To see your statistics, go to the Stats tab. Statistics include:
  • Real-world coverage numbers and percentages for each enhancement
  • Recommendation and similar books link-usage
  • Tag popup and search usage
The tab itself is basic, but we included a link to download your statistics in CSV/Excel format. Pie charts? Go crazy.
Of course, statistics are a two-edged sword for us. Although overall rates are good, some libraries aren’t getting the best results. In general, if you’re hiding your enhancements behind a tab, you can expect much lower rates.

We certainly suspect that LibraryThing enhancements are getting a lot more play than some other browse links—like LCSH subjects—or those of our competitors’, who put their enhancements on external pages. Indeed, we’re wondering if libraries would like to use LTFL’s stats structure to track other links too?

LibraryThing for Libraries Email List. We’ve set up a Google Group for LibraryThing for Libraries customers. We hope member libraries will join up. We’ve sent out invites to all the primary contacts.

Sign up to have your voice heard. We will be talking about the future of LTFL and where it should go.

Labels: librarything for libraries, ltfl, new feature, stats

Sunday, February 3rd, 2008

Job: LibraryThing for Libraries

LibraryThing is looking for someone to take over the non-coding parts of LibraryThing for Libraries, our innovative plan to bring Library 2.0 gold to OPAC 1.0 slag.

The position is part basic tech and part “sales.” If you come from tech you have to prove you’re personable. If you come from sales you have to prove you’re very sorry about it.

Qualities:

  • Smart. We value brains over experience.
  • Personable. We’re a bunch of trogledytes. Outshine us.
  • Hard-working. LibraryThing is a startup, so hard work is expected. And you have to want that. This is the job you think about in the shower.
  • Organized. We have a few hundred libraries interested in LibraryThing for Libraries already. You’ve got to be able to keep them straight and not get behind on emails.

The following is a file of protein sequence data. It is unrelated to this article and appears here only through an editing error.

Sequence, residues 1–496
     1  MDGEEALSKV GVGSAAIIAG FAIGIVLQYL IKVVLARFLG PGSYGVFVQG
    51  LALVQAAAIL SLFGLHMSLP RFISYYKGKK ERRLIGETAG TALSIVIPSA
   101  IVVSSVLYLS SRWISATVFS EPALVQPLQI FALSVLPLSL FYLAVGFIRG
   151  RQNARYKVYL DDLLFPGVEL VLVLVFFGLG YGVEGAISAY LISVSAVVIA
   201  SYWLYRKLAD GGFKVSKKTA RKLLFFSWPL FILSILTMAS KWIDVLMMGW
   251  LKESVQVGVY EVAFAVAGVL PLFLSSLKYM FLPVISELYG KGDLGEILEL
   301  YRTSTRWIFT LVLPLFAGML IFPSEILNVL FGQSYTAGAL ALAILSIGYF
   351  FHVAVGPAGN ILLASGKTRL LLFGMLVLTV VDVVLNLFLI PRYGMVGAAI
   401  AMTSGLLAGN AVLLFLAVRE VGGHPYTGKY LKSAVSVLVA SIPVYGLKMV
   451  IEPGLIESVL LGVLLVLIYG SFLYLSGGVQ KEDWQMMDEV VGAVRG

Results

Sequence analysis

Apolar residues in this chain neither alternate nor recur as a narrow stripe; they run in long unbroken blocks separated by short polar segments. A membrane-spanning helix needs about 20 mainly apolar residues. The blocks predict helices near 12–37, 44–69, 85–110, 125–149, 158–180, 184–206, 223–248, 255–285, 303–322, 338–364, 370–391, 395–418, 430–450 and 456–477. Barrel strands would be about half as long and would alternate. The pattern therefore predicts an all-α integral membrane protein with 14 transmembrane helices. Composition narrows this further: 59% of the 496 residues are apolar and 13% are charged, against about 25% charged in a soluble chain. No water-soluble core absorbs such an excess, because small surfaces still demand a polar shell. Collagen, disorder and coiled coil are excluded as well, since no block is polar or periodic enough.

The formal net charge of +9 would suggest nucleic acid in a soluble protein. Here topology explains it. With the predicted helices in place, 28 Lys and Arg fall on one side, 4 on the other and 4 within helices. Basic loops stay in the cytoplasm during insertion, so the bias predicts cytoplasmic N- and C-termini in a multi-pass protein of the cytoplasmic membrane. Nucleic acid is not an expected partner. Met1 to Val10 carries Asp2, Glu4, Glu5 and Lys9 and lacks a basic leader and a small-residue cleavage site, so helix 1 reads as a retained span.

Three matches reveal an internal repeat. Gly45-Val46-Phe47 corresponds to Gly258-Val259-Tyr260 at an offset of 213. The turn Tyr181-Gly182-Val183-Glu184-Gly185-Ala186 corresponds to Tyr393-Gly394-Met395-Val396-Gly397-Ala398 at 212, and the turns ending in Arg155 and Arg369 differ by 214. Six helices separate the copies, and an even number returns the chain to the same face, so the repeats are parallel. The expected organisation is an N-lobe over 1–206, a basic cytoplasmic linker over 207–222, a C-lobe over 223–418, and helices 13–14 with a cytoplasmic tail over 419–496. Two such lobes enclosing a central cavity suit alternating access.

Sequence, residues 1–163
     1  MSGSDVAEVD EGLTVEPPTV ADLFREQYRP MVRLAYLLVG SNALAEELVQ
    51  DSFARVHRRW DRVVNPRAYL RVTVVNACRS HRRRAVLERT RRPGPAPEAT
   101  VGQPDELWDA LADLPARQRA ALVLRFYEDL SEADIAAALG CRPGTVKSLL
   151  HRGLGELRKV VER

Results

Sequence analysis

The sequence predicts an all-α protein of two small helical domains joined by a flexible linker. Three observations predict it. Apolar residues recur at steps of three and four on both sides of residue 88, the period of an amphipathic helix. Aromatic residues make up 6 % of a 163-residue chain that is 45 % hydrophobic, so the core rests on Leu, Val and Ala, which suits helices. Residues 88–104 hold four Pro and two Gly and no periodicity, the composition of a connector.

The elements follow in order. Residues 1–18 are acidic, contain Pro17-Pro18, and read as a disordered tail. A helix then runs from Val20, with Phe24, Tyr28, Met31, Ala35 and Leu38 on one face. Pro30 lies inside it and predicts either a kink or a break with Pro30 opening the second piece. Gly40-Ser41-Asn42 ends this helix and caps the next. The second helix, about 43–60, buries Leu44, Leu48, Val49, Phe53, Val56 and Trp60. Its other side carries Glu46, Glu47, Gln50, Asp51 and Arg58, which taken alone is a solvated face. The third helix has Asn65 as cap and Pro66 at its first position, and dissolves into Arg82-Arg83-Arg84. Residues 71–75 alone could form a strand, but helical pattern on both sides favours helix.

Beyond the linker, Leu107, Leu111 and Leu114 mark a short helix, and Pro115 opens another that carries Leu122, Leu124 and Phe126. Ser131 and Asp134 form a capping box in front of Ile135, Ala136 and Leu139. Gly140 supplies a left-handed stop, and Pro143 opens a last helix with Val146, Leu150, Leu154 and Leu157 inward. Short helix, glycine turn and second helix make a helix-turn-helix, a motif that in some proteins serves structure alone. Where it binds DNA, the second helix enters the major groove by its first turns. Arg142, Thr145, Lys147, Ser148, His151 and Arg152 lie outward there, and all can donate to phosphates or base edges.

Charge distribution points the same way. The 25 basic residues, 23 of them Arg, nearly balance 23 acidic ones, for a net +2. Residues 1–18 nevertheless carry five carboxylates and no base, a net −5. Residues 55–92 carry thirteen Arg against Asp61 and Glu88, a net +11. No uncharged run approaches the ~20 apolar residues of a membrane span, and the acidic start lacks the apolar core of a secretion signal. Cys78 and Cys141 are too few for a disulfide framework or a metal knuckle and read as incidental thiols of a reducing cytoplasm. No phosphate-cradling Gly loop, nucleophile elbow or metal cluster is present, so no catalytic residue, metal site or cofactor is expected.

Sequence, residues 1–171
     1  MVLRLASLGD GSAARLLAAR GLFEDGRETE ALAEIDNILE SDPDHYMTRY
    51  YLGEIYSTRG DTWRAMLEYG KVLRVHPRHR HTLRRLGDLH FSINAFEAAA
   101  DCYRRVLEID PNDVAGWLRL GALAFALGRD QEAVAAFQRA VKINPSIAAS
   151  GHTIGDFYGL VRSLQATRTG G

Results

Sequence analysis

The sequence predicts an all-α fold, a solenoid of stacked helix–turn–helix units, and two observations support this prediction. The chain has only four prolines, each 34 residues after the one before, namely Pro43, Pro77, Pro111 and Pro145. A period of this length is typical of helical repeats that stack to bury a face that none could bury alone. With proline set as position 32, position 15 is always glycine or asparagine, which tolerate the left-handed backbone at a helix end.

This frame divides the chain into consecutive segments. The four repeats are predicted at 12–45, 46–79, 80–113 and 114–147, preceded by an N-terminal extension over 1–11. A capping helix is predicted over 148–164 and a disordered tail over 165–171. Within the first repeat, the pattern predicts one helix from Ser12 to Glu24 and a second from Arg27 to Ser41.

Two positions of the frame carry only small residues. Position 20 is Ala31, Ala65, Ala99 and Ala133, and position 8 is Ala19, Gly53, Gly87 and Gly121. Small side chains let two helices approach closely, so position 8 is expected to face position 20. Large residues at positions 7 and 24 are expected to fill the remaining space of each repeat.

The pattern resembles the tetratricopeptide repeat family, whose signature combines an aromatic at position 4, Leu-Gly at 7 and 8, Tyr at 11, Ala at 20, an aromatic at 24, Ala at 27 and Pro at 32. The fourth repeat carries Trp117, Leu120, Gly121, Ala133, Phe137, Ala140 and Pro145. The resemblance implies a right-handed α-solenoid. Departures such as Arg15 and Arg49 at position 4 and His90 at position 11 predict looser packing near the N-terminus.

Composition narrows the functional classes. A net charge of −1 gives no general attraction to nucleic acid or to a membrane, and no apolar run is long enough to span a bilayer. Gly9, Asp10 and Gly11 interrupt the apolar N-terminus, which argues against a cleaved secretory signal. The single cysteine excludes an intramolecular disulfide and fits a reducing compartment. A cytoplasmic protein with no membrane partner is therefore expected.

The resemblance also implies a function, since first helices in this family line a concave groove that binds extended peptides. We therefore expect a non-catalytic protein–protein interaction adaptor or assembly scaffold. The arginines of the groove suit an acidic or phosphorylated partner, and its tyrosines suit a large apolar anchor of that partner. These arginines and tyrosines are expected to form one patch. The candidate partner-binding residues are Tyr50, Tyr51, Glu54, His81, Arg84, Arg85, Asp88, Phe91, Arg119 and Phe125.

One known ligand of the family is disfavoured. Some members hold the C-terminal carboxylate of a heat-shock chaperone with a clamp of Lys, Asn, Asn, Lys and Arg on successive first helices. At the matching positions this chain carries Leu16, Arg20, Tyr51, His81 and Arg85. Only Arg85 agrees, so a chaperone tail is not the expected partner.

• Techy. This isn’t an engineer position, but you need to be comfortable with this world. HTML and CSS strongly preferred. Experience with one or more OPAC/ILS systems preferred.
  • Fast learner. Don’t know anything about XML? Spend today with this book.
  • Library-ish. We’re 3-4 library people now (with 2 MLSs). Even us out.

Location: Portland, ME or Boston, MA preferred, but we’ll entertain all possibilites. Relocation not necessary, but might help.

Money: Salary, commissions, excellent plated health insurance. LibraryThing for Libraries is growing very rapidly. It’s got the potential to change the world. You could be at the center of that. And you get paid?

Contact: Tim Spalding (tim@librarything.com)

Labels: employment, jobs, librarything for libraries, ltfl

Friday, January 11th, 2008

Crazy ideas for LibraryThing for Libraries

One big question around LibraryThing these days is “Where do we take LibraryThing for Libraries?” There is an obvious answer–direct user participation. Right now, LibraryThing for Libraries provides services that “arise from” user generated data without bringing that sort of interaction to the OPAC. So we provide tag-based searching based on LibraryThing’s almost 30 million tags, but patrons can’t tag books in their catalog. Nor can patrons assemble book lists, write reviews and so forth.

We’re clearly going this direction. We’re not sure that patron tagging is a big deal, but there are things to do here. And that’s all I’ll say about that!

But what else can we do? We have interesting data, an interesting technology, Casey Durfee, and the will to act on small, interesting ideas quickly. Direct us!

So here are four ideas I’ve been having. I wonder what the people—and particularly the 37 LTFL libraries—think of them: